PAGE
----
Light has meaning

Where a light falls on your face can take on different meanings and effects in a photograph.

Studio photographers choose the number and position of their lights to create deliberate effects when shooting portraits. I will describe some of the possible positions for lighting and what effects they have, so you can walk into your shoot with a bit of background knowledge… or for budding photographers to consider when shooting their own portraits. I have summarised the basics from London, Stone and Upston, Photography, 9th Edition (2008), p.236. This text is an invaluable tool for anyone learning photography.

Front lighting

A light placed as close to the lens as possible (such as the built-in flash you use with your automatic camera) minimises shadows and gives a ‘flat’ look. Because we are so used to seeing this effect in happy snaps, it can work well for photography that is meant to look candid, like party snaps or paparazzi shots.

Side lighting

One strong light placed at the side of the subject’s head ‘splits’ their face in half: one half is brightly lit and the other is in deep shadow. This emphasizes facial features and reveals texture. Because it is quite dramatic, portrait photographers often use a ‘fill’ light, a softer light on the other side of the face, so that shadows are less intense but there is still some shape. I personally love working with just one light to the side, often at a high angle, to create dramatic looks, like in the Halloween pic below.


A Style Shoot for a Halloween party, using high, side lighting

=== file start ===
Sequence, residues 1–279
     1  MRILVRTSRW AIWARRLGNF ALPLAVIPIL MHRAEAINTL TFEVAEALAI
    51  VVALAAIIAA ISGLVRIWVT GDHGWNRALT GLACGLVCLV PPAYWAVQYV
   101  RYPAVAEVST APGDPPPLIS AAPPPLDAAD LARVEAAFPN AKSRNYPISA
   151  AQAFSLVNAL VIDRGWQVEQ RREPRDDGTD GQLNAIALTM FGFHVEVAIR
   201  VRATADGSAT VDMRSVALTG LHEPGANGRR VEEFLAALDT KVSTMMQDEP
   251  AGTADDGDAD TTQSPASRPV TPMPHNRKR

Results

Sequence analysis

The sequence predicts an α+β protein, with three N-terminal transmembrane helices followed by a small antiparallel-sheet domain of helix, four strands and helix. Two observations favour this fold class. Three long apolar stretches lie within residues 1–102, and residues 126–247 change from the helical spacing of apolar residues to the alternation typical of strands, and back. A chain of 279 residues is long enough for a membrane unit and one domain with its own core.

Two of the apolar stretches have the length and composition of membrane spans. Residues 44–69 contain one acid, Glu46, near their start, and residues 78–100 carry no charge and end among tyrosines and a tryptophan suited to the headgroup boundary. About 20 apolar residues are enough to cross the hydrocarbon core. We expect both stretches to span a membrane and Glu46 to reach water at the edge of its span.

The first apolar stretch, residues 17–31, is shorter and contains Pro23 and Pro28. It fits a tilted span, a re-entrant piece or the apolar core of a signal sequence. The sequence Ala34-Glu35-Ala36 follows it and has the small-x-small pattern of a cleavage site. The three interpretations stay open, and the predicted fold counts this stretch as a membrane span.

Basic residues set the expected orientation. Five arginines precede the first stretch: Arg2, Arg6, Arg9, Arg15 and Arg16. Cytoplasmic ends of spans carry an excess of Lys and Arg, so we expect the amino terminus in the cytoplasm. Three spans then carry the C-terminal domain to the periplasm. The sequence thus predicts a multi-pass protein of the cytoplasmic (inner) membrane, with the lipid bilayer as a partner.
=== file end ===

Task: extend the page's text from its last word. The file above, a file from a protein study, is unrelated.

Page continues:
High side lighting

The classic portrait lighting, it flatters because it makes the subject appear life-like. As with side lighting, it usually is used in conjunction with at least one other light source.

Top lighting

A light placed directly above the subject creates dark shadows under the eyes, nose and chin – you see this in regular snaps that are taken in bright sunlight in the middle of the day. Eek. But a top light that is softened and moved at an angle so it points more towards the person’s face creates the classic glamour look called ‘butterfly lighting’, for the butterfly-shaped shadow it creates under the subject’s nose.

Under lighting

Heh heh! Remember the ghostly look when your dad stuck the torch under his chin to tell you scary stories around the campfire? Might work well for highly stylized photography, or in some product shoots, but doesn’t flatter too many people!


Back lighting

This one is fun. A light placed behind the person’s head or body to give them a glowing aura, Xanadu-style, or to make the subject stand out from the background. It’s usually used in conjunction with other lighting – on its own the person’s face would be entirely shadowed. Careful with this one – if the light shines directly into the lens you’ll get flare (that gorgeous ray of sunshine across the photo that ruins it!). I use back lighting to highlight hair, especially in shoots for hair stylists, such as this one done for Sachi for Hair.

So there are the basics in light positioning. Of course, there are other factors, like the strength of each light and how they work together. But it’s fun just to play around and give it a go, even with regular light sources you have at home!

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